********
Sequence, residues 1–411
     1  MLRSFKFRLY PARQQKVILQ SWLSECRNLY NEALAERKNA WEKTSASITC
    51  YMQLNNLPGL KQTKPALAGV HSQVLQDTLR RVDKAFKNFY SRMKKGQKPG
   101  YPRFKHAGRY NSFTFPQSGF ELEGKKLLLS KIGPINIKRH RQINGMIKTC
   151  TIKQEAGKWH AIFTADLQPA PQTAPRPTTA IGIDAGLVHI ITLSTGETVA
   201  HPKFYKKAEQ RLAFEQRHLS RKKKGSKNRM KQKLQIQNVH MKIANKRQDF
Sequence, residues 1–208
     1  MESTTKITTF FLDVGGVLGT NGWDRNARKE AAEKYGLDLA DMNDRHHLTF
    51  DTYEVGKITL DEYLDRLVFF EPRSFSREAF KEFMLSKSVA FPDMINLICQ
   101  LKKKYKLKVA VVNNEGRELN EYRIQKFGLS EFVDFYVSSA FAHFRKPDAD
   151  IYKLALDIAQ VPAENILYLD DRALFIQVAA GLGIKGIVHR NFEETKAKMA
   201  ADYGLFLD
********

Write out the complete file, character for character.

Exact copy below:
Sequence, residues 1–411
     1  MLRSFKFRLY PARQQKVILQ SWLSECRNLY NEALAERKNA WEKTSASITC
    51  YMQLNNLPGL KQTKPALAGV HSQVLQDTLR RVDKAFKNFY SRMKKGQKPG
   101  YPRFKHAGRY NSFTFPQSGF ELEGKKLLLS KIGPINIKRH RQINGMIKTC
   151  TIKQEAGKWH AIFTADLQPA PQTAPRPTTA IGIDAGLVHI ITLSTGETVA
   201  HPKFYKKAEQ RLAFEQRHLS RKKKGSKNRM KQKLQIQNVH MKIANKRQDF
Sequence, residues 1–208
     1  MESTTKITTF FLDVGGVLGT NGWDRNARKE AAEKYGLDLA DMNDRHHLTF
    51  DTYEVGKITL DEYLDRLVFF EPRSFSREAF KEFMLSKSVA FPDMINLICQ
   101  LKKKYKLKVA VVNNEGRELN EYRIQKFGLS EFVDFYVSSA FAHFRKPDAD
   151  IYKLALDIAQ VPAENILYLD DRALFIQVAA GLGIKGIVHR NFEETKAKMA
   201  ADYGLFLD